Summary: Most of us have experienced some type of dilemma and we’ve all dealt with dilemmas or circumstance or our own making. But the God of Glory is more than able to hear, help and to bring us out.
Gen. 21:1-3, 8-10,14-20
H Lee Clay
The word “dilemma” is defined by the American Heritage Dictionary as meaning, “A situation that requires a choice between options that are or seem equally unfavorable;and a problem that seems to defy a satisfactory solution”
All of us at some point in our lives have had to deal with at least a few dilemmas. All of us
at some point or turn in our existence has dealt with “a problem that seems to defy a satisfactory solution” We’ve all dealt with dilemmas of circumstance or our own making.
You figured that you weren’t making as much as you could be on your job so you go out and get another one. You give your notice to your current employer that you are leaving, just to go to the new job to earn a little more money and five months later you get laid off because of downsizing and your old job doesn’t want you back. That’s a dilemma.
Most of us if not all of us have been either victimized by someone else that has created a
dilemma for us or we through acts of stupidity or poor judgement have created our own dilemmas. You choose from option A or B, but the fact remains that all of us have dealt with at some point in our lives with a dilemma!
The context of today’s message begins in chapter 16 of the Book of Genesis (turn). It is there that we first find the players in this divinely established drama that God wants to speak to our hearts from today.
Go to Gen. 16:1-12, (15 ISHMAEL — “God hears.”) ,16.
Why couldn’t God have fulfilled His promise to Abraham through Ishmael? Because Ishmael was not the son of promise—the son of faith. He was the son not of faith but the son -of flesh.
Many times we mess up and create many of our own problems simply because of our unbelief in God’s Word and His promises and call ourselves, “helping Him out” as did Sarah.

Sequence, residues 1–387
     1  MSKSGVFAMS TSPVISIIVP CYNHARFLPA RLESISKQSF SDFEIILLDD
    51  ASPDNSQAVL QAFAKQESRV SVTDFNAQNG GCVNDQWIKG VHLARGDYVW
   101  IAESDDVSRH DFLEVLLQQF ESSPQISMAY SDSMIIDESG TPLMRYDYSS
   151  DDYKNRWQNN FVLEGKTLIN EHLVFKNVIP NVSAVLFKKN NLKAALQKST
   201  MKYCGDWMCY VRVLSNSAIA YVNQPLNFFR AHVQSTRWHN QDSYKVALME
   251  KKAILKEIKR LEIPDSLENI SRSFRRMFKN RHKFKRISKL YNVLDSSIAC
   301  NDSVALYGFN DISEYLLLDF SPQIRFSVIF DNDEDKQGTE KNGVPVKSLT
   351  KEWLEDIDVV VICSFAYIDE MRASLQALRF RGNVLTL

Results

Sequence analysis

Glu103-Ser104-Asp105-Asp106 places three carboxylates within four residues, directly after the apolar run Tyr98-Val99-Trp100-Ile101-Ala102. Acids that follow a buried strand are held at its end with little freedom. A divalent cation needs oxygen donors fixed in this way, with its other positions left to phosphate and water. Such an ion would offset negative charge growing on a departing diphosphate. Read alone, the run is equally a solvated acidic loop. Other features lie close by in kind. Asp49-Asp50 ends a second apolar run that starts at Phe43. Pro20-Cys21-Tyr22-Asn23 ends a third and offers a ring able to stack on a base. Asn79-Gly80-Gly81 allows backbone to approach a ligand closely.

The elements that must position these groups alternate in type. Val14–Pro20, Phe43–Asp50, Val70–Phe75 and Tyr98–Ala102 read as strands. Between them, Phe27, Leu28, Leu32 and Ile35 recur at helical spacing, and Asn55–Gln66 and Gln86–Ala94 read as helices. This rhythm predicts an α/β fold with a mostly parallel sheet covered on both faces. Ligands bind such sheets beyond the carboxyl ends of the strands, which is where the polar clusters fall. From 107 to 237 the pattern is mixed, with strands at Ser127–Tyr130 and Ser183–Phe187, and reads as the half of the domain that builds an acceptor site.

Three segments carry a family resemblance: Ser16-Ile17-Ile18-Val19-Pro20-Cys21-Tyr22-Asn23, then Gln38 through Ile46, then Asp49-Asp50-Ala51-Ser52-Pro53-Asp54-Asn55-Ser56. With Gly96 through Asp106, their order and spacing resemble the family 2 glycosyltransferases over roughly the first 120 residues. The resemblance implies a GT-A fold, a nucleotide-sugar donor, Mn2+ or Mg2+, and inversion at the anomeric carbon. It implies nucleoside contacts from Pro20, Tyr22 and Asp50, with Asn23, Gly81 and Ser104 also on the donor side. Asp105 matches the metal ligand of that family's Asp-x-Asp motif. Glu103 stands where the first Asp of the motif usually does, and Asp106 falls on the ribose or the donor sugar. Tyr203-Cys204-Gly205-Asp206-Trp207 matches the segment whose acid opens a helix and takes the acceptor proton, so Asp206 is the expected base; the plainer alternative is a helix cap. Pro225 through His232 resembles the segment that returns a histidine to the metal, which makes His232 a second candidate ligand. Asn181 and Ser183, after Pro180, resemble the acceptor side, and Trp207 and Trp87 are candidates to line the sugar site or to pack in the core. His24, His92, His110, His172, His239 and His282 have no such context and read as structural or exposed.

You couldn’t wait for God to bless you with your own man so you became “the other woman” in the hope that he’ll become your man. But now look at you. He doesn’t want you or the baby. And what has it produced? ISHMAEL!
The story continues in Gen. 18:1, 9-14 (exegete)
And as we come into our text in chapter 21 verses 1-3 (Elaborate)
Abraham and Sarah have their own child now. A son named Isaac, The promised child.
1. We see separation.
In verses 9 and 10 Sarah tells Abraham to, “get rid of Hagar and Ishmael”. And verse 14 says, “So Abraham rose early in the morning, and took bread and a skin of water; and putting it on her shoulder, he gave it and the boy to Hagar, and sent her away. Then she departed and wandered in the Wilderness of Beersheba.”
He gives to the both of them some “Wonder Bread” and some “Poland Spring water“. And said, “your outta here”. That’s what some of this world’s babies daddies will do too.
They’ll get back with the woman that they stood in front of the alter with and vowed to God, “For better or for worse, for richer or for poorer, in sickness and in health, till death do us part”. They’ll get religion, repent, get holy and kick you and your Ishmael to the curb!
Look around in urban America. Look around in many of our cities, our communities and our neighborhoods and you’ll find thousands of young black Ishmael’s in the wilderness of this world. Look on our corners; in the crack houses;
The dope houses and in front of the liquor houses and almost 700,000 black men or in the jail houses in this country on their way to the big-house all because they are in the wilderness. And the real crazy thing about it is now Ishmael who didn’t ask to be born is about to die!
2. We see desperation (Look at verse 15,16,)
“And the water in the skin was used up, and she placed the boy under one of the shrubs. Then she went and sat down across from him at a distance of about a bowshot; for she said to herself, “Let me not see the death of the boy.” So she sat opposite him, and lifted her voice and wept.“
My heart goes out to Abraham. You see in ancient Semitic culture to be childless was a highly pitied and unfortunate twist of fate. He meant well.
My heart goes out to Sarah. She meant well. But it has been said, “that the road to hell is paved with good intentions”. My heart goes out to Hagar. She is a victim of circumstances that were beyond her control. But thank God that she chose not to remain a victim.